2001 TONY AWARDS SPOTLIGHT: Nominees for Best Costume Design

News   2001 TONY AWARDS SPOTLIGHT: Nominees for Best Costume Design Theoni V. Aldredge, Follies
The New York Times recently profiled Aldredge's work on the revival of Follies, and no wonder. She's designed for more than 150 Broadway shows, garnering three Tony Awards for Annie, Barnum and La Cage aux Folles, plus an Oscar for "The Great Gatsby." With great plays (Sweet Bird of Youth, Who's Afraid of Virginia Woolf?), legendary musicals (A Chorus Line, Dreamgirls, Gypsy) and 20 years of principal designing for the New York Shakespeare Festival on her resume, Aldredge was inducted into the Theatre Hall of Fame in 1986. Interesting to note, Aldredge designed the original 42nd Street and finds herself competing against the revival's designer, Roger Kirk.

Theoni V. Aldredge, Follies
The New York Times recently profiled Aldredge's work on the revival of Follies, and no wonder. She's designed for more than 150 Broadway shows, garnering three Tony Awards for Annie, Barnum and La Cage aux Folles, plus an Oscar for "The Great Gatsby." With great plays (Sweet Bird of Youth, Who's Afraid of Virginia Woolf?), legendary musicals (A Chorus Line, Dreamgirls, Gypsy) and 20 years of principal designing for the New York Shakespeare Festival on her resume, Aldredge was inducted into the Theatre Hall of Fame in 1986. Interesting to note, Aldredge designed the original 42nd Street and finds herself competing against the revival's designer, Roger Kirk.

Roger Kirk, 42nd Street
Although much of his work has been off these shores, Kirk won a Tony Award for his sumptuous designs for the recent revival of The King and I. His Australian and United Kingdom work includes Andrew Lloyd Webber's Jesus Christ Superstar revival and Whistle Down the Wind, The White Devil and the Australian musical The Boy From Oz. Also prolific in opera work, he has designed sets and costumes for "The Magic Flute," "Iolanthe," "The Pirates of Penzanze," "Don Pasquale," "The Marriage of Figaro" and "Manon Lescaut."

William Ivey Long, The Producers
The last time Ivey Long took home Tony he was, coincidentally, working on a Susan Stroman show, Crazy for You. His task on The Producers was comically difficult —how to make laughable Nazi uniforms and a Hitler who induces giggles? He rose to the task with sequins, sparkles and a humongous sausage and even gets to pay homage to himself with a costume designer character called Kevin, decked out in an lavender Ivey Long-esque suit (minus the tennis shoes). His multiple recent Broadway credits include Contact, The Music Man, Cabaret, Chicago, Seussical, Swing!, Annie Get Your Gun, The Man Who Came To Dinner, 1776 and Guys and Dolls. Ivey Long is the winner of an Obie (Assassins), two Outer Critics Circle Awards, a Hewes Award, two Drama Desk Awards and a second Tony (for Nine).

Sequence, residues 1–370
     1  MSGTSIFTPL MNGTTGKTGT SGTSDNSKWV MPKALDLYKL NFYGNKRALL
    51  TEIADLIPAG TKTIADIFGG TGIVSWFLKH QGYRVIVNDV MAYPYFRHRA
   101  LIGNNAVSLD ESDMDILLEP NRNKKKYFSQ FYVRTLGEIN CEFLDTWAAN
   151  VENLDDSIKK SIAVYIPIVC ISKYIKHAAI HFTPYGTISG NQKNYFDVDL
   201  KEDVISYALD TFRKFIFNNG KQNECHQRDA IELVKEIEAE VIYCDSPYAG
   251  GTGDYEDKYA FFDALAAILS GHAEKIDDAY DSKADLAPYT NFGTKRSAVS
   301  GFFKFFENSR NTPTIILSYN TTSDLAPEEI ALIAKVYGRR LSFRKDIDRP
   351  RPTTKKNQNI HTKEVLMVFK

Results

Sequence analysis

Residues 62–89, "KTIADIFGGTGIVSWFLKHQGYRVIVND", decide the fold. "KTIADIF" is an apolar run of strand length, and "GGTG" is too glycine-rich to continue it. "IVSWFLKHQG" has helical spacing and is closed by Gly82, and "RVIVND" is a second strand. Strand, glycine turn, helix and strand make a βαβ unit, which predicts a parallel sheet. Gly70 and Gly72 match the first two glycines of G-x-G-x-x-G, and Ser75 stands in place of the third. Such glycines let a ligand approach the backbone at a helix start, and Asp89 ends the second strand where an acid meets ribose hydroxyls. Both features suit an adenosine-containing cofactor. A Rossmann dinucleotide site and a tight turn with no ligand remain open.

David C. Woolard, The Rocky Horror Show
Got a rock 'n' roll show and need a costume designer? Woolard's your man —he was Tony and Olivier nominated for The Who's Tommy and has lent his talents to Off-Broadway's The Bomb-itty of Errors, The Donkey Show and Godspell. His gothy S&M designs for Rocky Horror contrast nicely with his more down-to-earth work on Broadway's Wait Until Dark, The Young Man From Atlanta, A Few Good Men and Marlene. His most recent musical was Manhattan Theatre Club's revue newyorkers.

Analysis: Each designer had their own special challenges to overcome— Woolard needed to wink at a film version that imprinted Tim Curry in fishnets onto the nation's brain, but create his own vision of sweet transvestite and innocent teenagers; while Kirk had to fashion a new look for a musical only 20 years old and still fresh in the Broadway mind. Aldredge worked in two very distinct and very different periods—that of the Follies in the '20s and '10s and the specific year 1971. But Ivey Long should win the Tony this year for his creative costumes that not only make a neo-Nazi musical come to life, but also peoples the stage with a memorable chorus of old ladies, bag ladies, village people and beautiful chorines. —By Christine Ehren